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Volunteers help plant prairie at Bartlett Arboretum

Benito Carrillo Jr. joined about 75 others in scattering seed for the new prairie at Bartlett Arboretum in Belle Plaine.
Benito Carrillo Jr. joined about 75 others in scattering seed for the new prairie at Bartlett Arboretum in Belle Plaine. The Wichita Eagle

When I heard the wind howling outside my windows Monday night, I couldn’t help thinking about the nearly 2.5 million seeds that had been scattered Sunday to make a new prairie at Bartlett Arboretum in Belle Plaine.

Sunday, you will remember, was sunny and warm for January, with temps in the 60s by the afternoon. The wind was up that day, too, and about 75 people who had gathered at the arboretum to plant the prairie had been urged to see “how low can you go” to broadcast the seed by hand from plastic Solo cups. The contents of each cup were worth $50, so the danger of blowing milkweed and liatris and coneflower seed was no little concern.

Of course, the thing that makes Bartlett Arboretum so much like a fairy tale half an hour south of Wichita is the fact that it is so not prairie. Its towering trees planted over a century ago, along with its winding creek and arched bridges and gingerbread cottage, give it a feeling like no other place on our section of the Plains.

But restoring a piece of it – the back meadow near the railroad tracks – to its literal roots represents for owner/steward Robin Macy a new focus of her time at the arborteum: sustainability.

“Climate change is real,” she said. “We can’t landscape the way we used to. Formal landscaping is not sustainable. This is an example of what common spaces – even yards that have expansive space – can put in” and look beautiful.

Sunday was the culmination of a three-year process that included the dredging of the creek bed during the drought, and the hauling up of the bed’s soil for depositing on the meadow. The soil was Jack-and-the-Beanstalk rich, Macy said, but after being under water for years, it was naturally depleted of oxygen. So it was treated as an enormous compost pile, receiving additions of grass clippings, leaves and all kinds of organic matter. And it got moved around and turned over, and “last summer it was sprawling with all kinds of weeds, so we knew it was fine to plant on,” Macy said.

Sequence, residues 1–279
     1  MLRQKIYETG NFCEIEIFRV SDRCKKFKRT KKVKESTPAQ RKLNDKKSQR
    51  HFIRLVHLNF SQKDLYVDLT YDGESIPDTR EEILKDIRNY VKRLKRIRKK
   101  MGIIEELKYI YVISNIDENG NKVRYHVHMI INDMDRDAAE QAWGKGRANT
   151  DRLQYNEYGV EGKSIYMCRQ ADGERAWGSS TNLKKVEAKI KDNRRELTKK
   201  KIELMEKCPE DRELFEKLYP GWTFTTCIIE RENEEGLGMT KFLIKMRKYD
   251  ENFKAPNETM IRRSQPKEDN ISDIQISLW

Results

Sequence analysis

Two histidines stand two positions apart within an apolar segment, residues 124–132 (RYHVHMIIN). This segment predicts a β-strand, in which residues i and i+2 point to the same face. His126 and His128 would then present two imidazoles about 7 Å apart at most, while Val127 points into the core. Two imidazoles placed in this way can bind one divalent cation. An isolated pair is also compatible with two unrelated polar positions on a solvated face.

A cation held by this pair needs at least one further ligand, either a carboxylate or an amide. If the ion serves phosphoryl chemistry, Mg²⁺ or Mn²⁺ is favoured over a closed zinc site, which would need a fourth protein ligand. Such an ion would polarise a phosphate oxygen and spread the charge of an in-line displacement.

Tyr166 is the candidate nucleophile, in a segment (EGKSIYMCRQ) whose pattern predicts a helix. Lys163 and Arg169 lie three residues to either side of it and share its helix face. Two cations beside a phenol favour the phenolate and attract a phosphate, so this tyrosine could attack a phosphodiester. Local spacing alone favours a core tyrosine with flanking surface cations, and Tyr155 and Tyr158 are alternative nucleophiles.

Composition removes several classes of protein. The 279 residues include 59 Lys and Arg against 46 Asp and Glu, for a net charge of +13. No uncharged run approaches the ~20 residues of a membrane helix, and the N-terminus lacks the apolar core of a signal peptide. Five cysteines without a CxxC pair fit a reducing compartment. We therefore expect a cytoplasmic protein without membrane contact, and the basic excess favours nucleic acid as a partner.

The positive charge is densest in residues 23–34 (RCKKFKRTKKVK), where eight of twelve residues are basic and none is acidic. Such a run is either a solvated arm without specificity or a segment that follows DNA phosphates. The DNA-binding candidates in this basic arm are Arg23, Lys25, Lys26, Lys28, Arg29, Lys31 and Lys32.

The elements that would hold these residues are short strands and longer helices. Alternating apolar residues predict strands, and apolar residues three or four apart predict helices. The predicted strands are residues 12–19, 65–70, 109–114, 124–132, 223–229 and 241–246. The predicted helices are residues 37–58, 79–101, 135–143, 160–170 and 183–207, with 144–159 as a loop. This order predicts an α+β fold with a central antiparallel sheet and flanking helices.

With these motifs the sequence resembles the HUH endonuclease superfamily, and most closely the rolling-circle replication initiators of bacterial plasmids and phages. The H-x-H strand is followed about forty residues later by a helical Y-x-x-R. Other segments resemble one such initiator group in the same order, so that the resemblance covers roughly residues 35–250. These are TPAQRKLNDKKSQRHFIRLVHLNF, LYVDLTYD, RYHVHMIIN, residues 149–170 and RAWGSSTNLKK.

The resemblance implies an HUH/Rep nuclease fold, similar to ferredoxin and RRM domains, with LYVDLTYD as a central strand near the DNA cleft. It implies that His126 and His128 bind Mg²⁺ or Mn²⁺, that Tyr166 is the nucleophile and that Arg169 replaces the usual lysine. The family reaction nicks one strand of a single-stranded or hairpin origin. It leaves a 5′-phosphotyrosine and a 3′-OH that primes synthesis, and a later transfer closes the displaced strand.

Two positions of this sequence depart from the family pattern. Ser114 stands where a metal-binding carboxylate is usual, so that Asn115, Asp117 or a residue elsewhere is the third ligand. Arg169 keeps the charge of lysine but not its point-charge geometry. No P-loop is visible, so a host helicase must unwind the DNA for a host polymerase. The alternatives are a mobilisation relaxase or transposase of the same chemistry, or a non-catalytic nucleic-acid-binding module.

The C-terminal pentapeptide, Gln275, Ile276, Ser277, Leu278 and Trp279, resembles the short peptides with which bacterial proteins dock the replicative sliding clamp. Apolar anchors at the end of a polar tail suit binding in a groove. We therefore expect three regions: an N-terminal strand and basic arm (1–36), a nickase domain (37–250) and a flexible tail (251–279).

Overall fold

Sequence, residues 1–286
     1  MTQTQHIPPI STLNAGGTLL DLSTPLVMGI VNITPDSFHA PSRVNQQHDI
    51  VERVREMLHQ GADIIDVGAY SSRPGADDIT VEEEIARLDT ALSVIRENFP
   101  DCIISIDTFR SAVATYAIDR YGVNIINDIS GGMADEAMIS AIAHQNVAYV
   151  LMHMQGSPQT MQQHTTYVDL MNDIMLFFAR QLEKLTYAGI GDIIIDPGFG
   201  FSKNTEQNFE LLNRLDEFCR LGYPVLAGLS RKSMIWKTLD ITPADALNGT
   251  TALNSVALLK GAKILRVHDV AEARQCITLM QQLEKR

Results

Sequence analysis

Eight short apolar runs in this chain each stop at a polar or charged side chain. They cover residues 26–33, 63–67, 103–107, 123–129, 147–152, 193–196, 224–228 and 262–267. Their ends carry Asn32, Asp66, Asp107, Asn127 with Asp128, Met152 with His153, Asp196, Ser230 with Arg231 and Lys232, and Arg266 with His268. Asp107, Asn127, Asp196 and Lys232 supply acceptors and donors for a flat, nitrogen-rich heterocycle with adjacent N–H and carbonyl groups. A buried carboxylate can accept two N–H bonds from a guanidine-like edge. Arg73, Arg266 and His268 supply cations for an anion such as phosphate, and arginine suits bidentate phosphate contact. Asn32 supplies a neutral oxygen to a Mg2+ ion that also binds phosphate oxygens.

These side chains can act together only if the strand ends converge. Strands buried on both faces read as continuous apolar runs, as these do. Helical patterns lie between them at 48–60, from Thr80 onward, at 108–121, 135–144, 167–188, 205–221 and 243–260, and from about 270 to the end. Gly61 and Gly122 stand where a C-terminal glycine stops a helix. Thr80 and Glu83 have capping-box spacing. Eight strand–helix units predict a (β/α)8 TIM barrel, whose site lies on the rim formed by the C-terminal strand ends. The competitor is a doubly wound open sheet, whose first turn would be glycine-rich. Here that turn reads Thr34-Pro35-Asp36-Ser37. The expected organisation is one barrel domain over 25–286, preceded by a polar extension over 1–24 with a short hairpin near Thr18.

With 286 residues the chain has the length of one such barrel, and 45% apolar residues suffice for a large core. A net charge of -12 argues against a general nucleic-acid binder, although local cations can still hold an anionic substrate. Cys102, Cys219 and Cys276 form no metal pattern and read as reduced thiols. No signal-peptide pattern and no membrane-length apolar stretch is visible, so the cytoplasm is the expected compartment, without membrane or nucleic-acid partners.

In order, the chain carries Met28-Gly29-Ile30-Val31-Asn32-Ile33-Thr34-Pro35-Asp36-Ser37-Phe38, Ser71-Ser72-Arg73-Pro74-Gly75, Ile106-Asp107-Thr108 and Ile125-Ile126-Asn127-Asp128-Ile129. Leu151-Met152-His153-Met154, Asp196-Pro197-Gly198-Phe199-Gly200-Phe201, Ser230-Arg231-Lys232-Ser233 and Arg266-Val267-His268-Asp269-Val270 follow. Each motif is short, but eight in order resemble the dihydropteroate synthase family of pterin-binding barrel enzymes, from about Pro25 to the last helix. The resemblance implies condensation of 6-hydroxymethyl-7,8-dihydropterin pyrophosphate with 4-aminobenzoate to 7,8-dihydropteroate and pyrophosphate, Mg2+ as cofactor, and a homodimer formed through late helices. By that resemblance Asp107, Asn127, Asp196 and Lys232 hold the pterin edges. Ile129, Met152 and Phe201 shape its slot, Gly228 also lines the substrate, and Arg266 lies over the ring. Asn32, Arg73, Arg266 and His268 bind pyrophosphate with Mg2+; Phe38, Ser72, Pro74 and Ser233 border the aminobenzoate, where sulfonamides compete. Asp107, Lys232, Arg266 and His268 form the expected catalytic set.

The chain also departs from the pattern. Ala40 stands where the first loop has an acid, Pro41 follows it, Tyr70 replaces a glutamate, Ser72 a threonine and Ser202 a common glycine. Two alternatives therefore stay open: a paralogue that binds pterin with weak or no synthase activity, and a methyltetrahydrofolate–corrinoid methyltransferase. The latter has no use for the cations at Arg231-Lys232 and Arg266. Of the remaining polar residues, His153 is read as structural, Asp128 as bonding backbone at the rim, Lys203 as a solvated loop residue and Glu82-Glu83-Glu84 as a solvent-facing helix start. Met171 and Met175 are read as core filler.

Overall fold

By Sunday, the soil had been mounded into four berms covering an acre and a half. Macy called the afternoon’s festivities the “birthing” of the prairie. Friends and volunteers of the arboretum, and their children, paired up in 400-square-foot sections to scatter seed over the soil. Having already kicked off their Sunday shoes, the sowers then lined up shoulder to shoulder and tramped purposefully across the berms to the strains of “Footloose,” their feet urging the seed into the soil.

A light snow would have been the perfect follow-up that night, cleaving the seed to the soil even more. To germinate, the seed needs six to eight weeks of exposure to the cold before the soil starts to warm up in the spring.

But there was no light snow. And I worried about it Monday night, listening to the garden bells and chimes ring like mad.

But not to worry. Volunteer Blair Sullivan had come back with a roller Monday morning and rolled in the seed.

“I think we’re good,” Macy said. But she added: “We would like it to snow.”

Macy will be relying on natural rainfall to water the prairie, though if the summer gets terribly dry, “we have a couple things up our sleeve” to water the fledgling plants, she said. The arboretum has two new wells with plentiful, good water, in large part thanks to a grant from the Heritage Trust Fund. It normally gives money to projects along the lines of tuck-pointing an opera house, Macy said, but because the arboretum is on the National Register of Historic Places, it got the help.

The millions of seeds represent 50 types of plants. Flower seeds have been planted first, with grasses to follow in two to three years, so that the quicker-growing grasses don’t outcompete the flowers.

While it won’t take nearly as long for the prairie to make its splash as it did the trees, it still will take maybe five years for the flowers and grasses to reach maturity, Macy said. The prairie will probably be mowed multiple times before it’s allowed to flower, she said; that’s one way to keep weeds down and mimic the benefits of burning. Volunteers also will be on the lookout for returning Bermuda grass.

But picture this when the prairie is at its peak, in a few years: $450 worth of butterfly milkweed alone. The arboretum also is now home to four hives of bees, “and the bees will be happy,” Macy said.

The diversity of the prairie – which is much richer than that of the trees – will bring new life to the arboretum, said Sedgwick County master gardener Mike Martin, who has been instrumental in the prairie’s preparation.

“What’s going to be fun is to come back and see the activity between the two ecosystems,” he told the volunteers Sunday.

And when people eventually sit under the nearby redbud trees to take in the scene, Martin said, he urged them not to just look at the prairie. Be sure to “close your eyes and listen to it,” he said. “Smell it. You’ll probably even feel the earth move under you.”